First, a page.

1971 Atlanta 500 (lost footage of NASCAR Winston Cup Series race; 1971)

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Program for the race.

Status: Lost

The 1971 Atlanta 500 was the 10th race of the 1971 NASCAR Winston Cup Series. Occurring on 4th April at the Atlanta Motor Speedway, in an event that almost never transpired because of the bankruptcy of the raceway, the race would ultimately be won by pole sitter A.J. Foyt in a 1969 Mercury after a tense battle with 1971 Plymouth driver Richard Petty.

Background[edit | edit source]

The 1971 Atlanta 500 was the 12th running of the event, with the race traditionally being around 500 miles in length.[1] It was one of two 1971 Winston Cup Series races conducted at Atlanta Motor Speedway,[2] the other being the Dixie 500,[1] which in 1971 occurred on 1st August and was won by Richard Petty in a 1971 Plymouth.[3] The Atlanta 500 also has ties to the modern Quaker State 400, which resumed the event at a 400 mile length in 2021 after not being held from 2011-2020.[4][5] However, the 1971 race almost never transpired; financial mismanagement in the 1960s led to the track, then known as Atlanta International Raceway, being declared bankrupt.[6][7] A successful bankruptcy petition from its board of directors was responsible for saving the race, as its running was a core aspect of the petition.[6][7]

Prior to the race, qualifying commenced with A.J. Foyt winning the pole position with a speed of 155.152 mph.[8][9] Directly behind him was Bobby Isaac in a 1971 Dodge, and Richard Petty.[9] Foyt was therefore deemed the favourite to win according to The New York Times, with Petty considered to be his biggest challenger for the event.[8] Before the event occurred however, Foyt made an apology to his fellow racers at the drivers' meeting over a story reported by Sports Illustrated that claimed he made disparaging comments to his fellow drivers.[10][11][7] Foyt denied he made said comments however, and sued Sports Illustrated's parent company Time, winning $75,000 in damages in 1973.[7]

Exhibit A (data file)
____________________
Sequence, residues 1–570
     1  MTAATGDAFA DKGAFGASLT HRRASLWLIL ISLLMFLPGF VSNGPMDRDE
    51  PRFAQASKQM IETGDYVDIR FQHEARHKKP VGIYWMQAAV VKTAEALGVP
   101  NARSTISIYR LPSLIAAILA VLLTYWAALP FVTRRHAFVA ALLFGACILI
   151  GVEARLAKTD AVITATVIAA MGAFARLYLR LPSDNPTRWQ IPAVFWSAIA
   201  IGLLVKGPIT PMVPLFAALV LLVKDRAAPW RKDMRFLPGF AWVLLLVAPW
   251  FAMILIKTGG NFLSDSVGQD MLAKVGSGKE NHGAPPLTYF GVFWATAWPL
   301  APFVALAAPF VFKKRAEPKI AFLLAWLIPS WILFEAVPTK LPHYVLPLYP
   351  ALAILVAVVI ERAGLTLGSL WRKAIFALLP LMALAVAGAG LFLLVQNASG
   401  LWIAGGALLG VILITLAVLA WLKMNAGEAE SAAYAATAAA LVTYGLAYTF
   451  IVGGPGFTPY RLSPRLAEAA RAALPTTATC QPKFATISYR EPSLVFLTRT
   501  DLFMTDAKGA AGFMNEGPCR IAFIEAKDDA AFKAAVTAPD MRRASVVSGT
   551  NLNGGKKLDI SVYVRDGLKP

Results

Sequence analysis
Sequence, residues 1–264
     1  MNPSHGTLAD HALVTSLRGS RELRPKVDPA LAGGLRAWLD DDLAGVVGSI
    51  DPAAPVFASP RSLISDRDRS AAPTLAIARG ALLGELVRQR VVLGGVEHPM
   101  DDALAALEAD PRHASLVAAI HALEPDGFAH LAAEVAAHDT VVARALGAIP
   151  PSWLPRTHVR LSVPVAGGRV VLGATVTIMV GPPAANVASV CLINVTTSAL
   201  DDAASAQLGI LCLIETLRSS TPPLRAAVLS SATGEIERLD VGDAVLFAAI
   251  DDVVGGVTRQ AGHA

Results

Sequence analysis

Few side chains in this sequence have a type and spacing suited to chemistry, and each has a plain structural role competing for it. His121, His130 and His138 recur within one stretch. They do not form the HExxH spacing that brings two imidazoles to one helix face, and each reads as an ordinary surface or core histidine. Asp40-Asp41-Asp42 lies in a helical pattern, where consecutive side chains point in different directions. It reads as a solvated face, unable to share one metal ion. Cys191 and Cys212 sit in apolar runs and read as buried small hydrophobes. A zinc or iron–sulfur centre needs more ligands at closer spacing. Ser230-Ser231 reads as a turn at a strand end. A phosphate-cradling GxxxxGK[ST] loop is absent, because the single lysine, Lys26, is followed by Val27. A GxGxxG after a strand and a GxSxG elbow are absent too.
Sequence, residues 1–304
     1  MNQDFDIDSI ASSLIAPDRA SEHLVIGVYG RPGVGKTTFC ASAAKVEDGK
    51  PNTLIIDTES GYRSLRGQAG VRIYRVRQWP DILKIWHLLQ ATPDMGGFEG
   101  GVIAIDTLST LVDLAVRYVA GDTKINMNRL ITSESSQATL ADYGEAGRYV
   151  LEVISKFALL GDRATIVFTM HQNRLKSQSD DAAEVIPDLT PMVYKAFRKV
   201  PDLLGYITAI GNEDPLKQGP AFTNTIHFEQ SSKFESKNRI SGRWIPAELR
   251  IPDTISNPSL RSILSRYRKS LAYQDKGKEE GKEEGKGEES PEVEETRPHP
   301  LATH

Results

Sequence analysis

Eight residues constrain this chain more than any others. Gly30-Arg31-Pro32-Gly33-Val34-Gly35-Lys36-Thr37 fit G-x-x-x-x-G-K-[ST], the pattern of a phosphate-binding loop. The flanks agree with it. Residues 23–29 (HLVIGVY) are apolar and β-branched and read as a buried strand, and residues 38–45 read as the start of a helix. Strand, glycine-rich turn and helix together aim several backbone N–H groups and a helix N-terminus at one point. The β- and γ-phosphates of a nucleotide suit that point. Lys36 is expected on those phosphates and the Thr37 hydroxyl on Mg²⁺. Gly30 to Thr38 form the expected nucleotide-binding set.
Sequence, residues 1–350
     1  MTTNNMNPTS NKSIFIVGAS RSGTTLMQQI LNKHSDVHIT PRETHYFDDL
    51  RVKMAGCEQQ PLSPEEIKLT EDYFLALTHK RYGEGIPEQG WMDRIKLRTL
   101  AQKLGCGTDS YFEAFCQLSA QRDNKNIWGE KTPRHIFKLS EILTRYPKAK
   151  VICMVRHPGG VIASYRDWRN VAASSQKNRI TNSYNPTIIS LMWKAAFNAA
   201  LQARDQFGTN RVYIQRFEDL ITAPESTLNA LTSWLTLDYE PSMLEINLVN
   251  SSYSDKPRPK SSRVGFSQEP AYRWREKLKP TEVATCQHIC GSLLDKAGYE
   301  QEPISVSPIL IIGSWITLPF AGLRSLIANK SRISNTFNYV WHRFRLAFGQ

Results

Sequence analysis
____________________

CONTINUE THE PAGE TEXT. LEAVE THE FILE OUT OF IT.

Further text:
The Race[edit | edit source]

With the starting order decided, the 1971 Atlanta 500 occurred on 4th April.[9] Foyt led the field for the first 36 laps, before Petty took over for the next 15.[9] While there would be several lap leaders,[9][7] the race would primarily be between Foyt and Petty, with The New York Times stating that "The race was essentially a private battle between Foyt and Petty, NASCAR's super star, with the 38 other starters simply providing background color and sound."[11] Indeed, Foyt and Petty proved evenly matched, with Petty holding an advantage by having his pit stops take slightly less time than his rival, with Foyt also hampered at one point because of a flat tyre.[11] With 25 laps still to run, Foyt made his final pit stop, allowing Petty to take over the lead.[7][9] While he tried to stay out for the remainder of the race, the Plymouth was forced to come in seven laps after Foyt so it could receive the fuel needed to complete the event.[7][11]

This enabled Foyt to close the gap, where he admitted post-race that chasing Petty was a gamble, as he nearly spun his Mercury on several occasions.[11] Ultimately, he completed the overtake on the back straight of the 316th lap, thus moving back into the first position.[11][9] He held onto it for the remaining laps to claim victory and $19,200 in prize money.[9] Petty finished second, 1.8 seconds behind, with fellow 1971 Plymouth driver Pete Hamilton a lap down in third.[11][9]

Availability[edit | edit source]

According to NASCAR on TV, the final hour and a half of the race was televised live by ABC under the title of ABC Championship Auto Racing.[12] However, this broadcast has yet to publicly resurface, with no footage of the race currently being publicly viewable. Nevertheless, a few photographs and newspaper clippings help document the event.

Gallery[edit | edit source]

Images[edit | edit source]

See Also[edit | edit source]

References[edit | edit source]